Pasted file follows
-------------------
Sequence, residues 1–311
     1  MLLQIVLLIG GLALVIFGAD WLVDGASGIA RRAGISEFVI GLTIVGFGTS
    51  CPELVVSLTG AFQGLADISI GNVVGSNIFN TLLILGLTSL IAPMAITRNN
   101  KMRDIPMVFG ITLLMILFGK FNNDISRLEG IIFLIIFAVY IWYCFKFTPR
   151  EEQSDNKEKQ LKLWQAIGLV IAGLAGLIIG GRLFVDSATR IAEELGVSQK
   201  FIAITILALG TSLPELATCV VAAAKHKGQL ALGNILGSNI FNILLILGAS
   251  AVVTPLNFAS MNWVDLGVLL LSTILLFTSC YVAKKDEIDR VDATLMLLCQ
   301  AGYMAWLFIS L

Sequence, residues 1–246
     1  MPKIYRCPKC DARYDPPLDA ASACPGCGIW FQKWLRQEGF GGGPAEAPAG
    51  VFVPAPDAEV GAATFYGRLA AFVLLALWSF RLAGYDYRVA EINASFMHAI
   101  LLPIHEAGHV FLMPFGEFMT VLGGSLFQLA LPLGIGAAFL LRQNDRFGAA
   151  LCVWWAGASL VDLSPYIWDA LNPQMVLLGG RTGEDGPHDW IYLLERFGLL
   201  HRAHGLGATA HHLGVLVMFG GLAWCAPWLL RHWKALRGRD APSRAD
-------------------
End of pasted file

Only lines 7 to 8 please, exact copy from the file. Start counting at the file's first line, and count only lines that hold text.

   251  AVVTPLNFAS MNWVDLGVLL LSTILLFTSC YVAKKDEIDR VDATLMLLCQ
   301  AGYMAWLFIS L